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Making The Nature Scene: Fresh-air fixes for the pandemic winter blahs

Our new outdoor column kicks off with a bunch of ideas for winter fun.

Our new outdoor column kicks off with a bunch of ideas for winter fun.

Illustration frame by Maggie Denman.

We’re plowing right along through winter 2020-21, a.k.a. Seasonal Affective Disorder: Pandemic Edition. Outside is one of the safest— and only—places to go these days. Depending on your ability and tolerance to cold, the winter plein air can be a refuge. In recent weeks, I got all Aldo Leopold on the swans smoothly landing and free-jazz trumpeting in Lake Mendota. But yea, it has come to pass: I’m bored of walking and jogging in my neighborhood. An informal poll shows that I am not alone in this. 

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Luckily, the Madison area is rife with parks and nature-y zones—prime safer places to be outside of your home. For this reason and more, I present to you a new monthly column, Making The Nature Scene. It’s currently the only scene I have access to without the aid of a computer, and for that, I love it all the more. I’m infinitely inspired by Wisconsin’s natural beauty. I grew up on a farm in flat, flat Central Illinois that’s been in my family for more than 100 years and previously belonged to the Illini people. Nature is among my first and longest-lasting relationships. I carry this deep connection to the land wherever I live. For the last decade, that’s been on the shores of Madison lakes. I hope this column helps you connect with the living land that supports us all constantly. And is keeping many of us grounded these days. 

Making The Nature Scene (the column) is about connecting with, you guessed it, nature in the Madison area and other spots within the daytrip zone. Immersion in nature—specifically two hours a week—is associated with health and well-being. Because we’re animals who evolved outside, not sitting in front of screens. I hope to help you get to know the local land, flora and fauna more fully and enjoy yourself too. If there are any spots you’re interested in reading about or any outdoors knowledge you’d like me to look into, say hey! For this first installment, here are a plethora of options for outdoorsy good times when it’s cold and grey.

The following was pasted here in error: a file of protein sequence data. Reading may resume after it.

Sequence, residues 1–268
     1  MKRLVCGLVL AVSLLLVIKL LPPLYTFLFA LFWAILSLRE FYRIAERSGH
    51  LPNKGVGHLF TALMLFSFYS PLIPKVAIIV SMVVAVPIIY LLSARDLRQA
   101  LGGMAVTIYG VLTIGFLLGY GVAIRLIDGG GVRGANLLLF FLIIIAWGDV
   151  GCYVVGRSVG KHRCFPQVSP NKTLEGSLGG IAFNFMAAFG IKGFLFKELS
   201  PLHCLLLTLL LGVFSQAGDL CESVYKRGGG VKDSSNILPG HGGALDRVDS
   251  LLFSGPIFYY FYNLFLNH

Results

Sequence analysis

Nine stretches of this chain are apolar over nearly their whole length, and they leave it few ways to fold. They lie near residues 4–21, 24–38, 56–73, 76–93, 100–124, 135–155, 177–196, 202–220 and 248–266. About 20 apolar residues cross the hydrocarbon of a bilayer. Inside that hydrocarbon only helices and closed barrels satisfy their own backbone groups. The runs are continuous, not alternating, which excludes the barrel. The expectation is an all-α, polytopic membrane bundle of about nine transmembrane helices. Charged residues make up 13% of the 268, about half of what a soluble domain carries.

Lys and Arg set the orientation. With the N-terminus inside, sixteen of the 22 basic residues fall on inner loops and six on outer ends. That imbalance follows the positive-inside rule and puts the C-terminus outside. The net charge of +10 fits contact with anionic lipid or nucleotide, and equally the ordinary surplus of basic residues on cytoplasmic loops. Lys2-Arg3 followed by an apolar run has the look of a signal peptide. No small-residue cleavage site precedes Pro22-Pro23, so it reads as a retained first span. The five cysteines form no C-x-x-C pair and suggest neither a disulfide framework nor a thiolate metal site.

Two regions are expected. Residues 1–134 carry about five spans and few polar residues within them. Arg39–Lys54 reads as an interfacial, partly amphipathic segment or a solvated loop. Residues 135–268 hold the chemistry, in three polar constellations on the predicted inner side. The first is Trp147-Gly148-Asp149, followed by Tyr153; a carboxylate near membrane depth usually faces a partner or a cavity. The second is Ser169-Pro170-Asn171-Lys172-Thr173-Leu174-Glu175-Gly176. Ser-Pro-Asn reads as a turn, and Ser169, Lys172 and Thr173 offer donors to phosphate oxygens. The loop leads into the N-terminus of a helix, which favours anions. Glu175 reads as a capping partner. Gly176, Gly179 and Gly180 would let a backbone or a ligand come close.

There are so many local winter activities aside from regular old walking—not that there’s anything wrong with that! Note: whatever you do outdoors in Madison, please wear a mask (WAM) and stay six feet from everyone outside of your household/bubble. People in my near North Side neighborhood can be alarmingly cavalier about these regulations to prevent death. (Maple Bluff, I’m looking in your direction.) WAM in solidarity. Maybe just respectfully WAM for good measure and to keep your mug warm. I will attest that it’s possible to WAM while jogging and while biking. You can pull the mask down when there are no people in sight. There are few things more jarring during leisurely a pandemic stroll than a swiftly approaching, heavy-breathing, unmasked person. WAM! It’s a fun reason to remember George Michael. Delightful enough to excuse the difference in the spellings of the band name and the acronym, right? 

The University of Wisconsin-Madison Union and Madison Parks are replete with outdoor activities as the winter of our discontent continues. 

Madison Parks has a few trendy additions to its usual slate of winter action this year. 

Moving on, a hot tip that I was unaware of: the Parks Department asks that you stay off of ice rinks and lagoons until they’re declared open by the city. You know why? Cause, 1. Safety. Ice needs to be five inches thick to support people and grooming equipment. 2. Hanging out on a body of ice that isn’t open can damage it, so it takes longer to open the spot. Don’t be that person. Instead, check this page for rink and lagoon statuses.